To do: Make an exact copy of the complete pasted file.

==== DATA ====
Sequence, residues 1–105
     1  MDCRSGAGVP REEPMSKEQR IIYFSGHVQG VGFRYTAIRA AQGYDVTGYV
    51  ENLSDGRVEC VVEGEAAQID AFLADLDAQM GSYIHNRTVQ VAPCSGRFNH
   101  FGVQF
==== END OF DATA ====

Sequence, residues 1–105
     1  MDCRSGAGVP REEPMSKEQR IIYFSGHVQG VGFRYTAIRA AQGYDVTGYV
    51  ENLSDGRVEC VVEGEAAQID AFLADLDAQM GSYIHNRTVQ VAPCSGRFNH
   101  FGVQF